Micro Focus announced that they had plans to sell the SUSE open-source brand to a Swedish group called EQT Partners. Preliminary reports insinuate that the price tag would be somewhere over $2.5 billion US. The British-based company agreed to sell it to EQT in part because they need fresh funds to reduce their debt and return money to shareholders.
The company was long known for making dramatic acquisitions, with many sending strong ripples throughout the world of open-source software. Micro Focus has unfortunately been struggling in recent years as they’ve been grappling with a nearly $9 billion HP Enterprise deal.
Like Canonical’s Ubuntu brand, Micro Focus primarily focused on offering support for corporate users of SUSE. The underlying software is still free, and many private individuals deploy openSUSE on their own desktops or laptops. openSUSE also has a fairly large share of the server market as well.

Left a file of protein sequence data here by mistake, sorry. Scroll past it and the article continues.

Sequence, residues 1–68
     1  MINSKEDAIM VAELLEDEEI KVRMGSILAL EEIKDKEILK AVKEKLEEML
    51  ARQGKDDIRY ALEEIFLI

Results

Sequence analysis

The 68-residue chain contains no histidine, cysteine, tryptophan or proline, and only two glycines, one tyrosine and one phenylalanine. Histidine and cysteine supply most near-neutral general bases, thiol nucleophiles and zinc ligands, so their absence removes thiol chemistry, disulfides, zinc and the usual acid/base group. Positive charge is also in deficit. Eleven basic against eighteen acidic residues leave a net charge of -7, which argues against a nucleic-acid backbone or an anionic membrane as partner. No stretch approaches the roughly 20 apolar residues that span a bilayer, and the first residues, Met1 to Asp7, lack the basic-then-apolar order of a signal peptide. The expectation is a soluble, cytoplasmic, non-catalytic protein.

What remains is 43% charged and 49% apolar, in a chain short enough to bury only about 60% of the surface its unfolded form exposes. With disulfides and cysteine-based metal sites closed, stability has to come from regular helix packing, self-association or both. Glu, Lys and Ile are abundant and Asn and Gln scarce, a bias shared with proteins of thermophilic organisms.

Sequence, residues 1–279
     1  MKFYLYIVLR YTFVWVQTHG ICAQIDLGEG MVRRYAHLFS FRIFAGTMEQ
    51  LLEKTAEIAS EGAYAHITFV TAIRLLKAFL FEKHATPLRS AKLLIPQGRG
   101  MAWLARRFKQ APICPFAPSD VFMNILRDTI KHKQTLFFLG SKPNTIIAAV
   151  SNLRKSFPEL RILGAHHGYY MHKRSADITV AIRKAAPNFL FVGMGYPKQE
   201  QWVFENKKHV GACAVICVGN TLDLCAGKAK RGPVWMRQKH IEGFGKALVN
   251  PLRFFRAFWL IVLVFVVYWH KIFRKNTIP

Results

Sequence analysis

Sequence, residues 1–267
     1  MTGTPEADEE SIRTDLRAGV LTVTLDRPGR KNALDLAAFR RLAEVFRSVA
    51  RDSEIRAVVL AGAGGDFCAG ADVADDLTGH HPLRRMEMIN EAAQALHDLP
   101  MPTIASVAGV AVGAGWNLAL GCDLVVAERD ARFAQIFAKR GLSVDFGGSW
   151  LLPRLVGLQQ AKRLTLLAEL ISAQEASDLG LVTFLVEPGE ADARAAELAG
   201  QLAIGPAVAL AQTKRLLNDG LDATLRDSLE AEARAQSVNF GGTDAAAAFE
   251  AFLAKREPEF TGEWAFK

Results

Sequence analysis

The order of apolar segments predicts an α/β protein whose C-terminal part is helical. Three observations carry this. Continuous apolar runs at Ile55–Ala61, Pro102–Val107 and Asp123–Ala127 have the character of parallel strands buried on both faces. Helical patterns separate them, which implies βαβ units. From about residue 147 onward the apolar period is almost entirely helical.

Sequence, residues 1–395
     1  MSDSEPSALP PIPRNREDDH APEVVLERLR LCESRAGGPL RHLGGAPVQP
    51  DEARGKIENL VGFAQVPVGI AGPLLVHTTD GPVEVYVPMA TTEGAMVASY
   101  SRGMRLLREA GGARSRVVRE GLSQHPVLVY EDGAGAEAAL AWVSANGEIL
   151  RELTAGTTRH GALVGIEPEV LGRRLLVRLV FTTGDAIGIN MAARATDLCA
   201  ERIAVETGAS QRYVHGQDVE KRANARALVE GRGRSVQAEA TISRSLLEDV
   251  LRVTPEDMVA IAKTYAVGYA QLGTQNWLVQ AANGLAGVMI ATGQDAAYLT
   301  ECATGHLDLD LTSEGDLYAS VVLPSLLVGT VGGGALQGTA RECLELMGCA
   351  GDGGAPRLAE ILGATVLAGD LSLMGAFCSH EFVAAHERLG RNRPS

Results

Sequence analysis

The openSUSE project is sponsored by SUSE, but it doesn’t look like this buyout should have any influence on development itself. As a result, those who are currently using openSUSE or other rolling release distros based on it shouldn’t experience any service disruptions when it comes to receiving new packages.
In fact, those who want to download fresh install images shouldn’t have any issues doing so either. Companies woh had difficulty with custom implementations have long relied on paid support systems, which in turn has helped the business side of the equation fund development of FOSS-based packages.
Over its long history, SUSE Linux went from a restrictive and delayed distribution to a very free and open one that shares quite a bit of information on its development. Since they’ve moved toward such a transparent coding model, SUSE has gone through a number of ownership changes insofar as the financial crews are concerned.
None of these previous ones caused any disruptions, so most Linux experts feel that this news shouldn’t have too much of a lasting influence either. The core distribution shouldn’t change, nor should it’s quirky yet fun mascot.
While some users have expressed a wish to know how much other distros are worth, it should be noted that what’s for sale here is essentially a support scheme. Since GNU/Linux distros are free, they don’t usually have a value that can be measured in dollars and cents.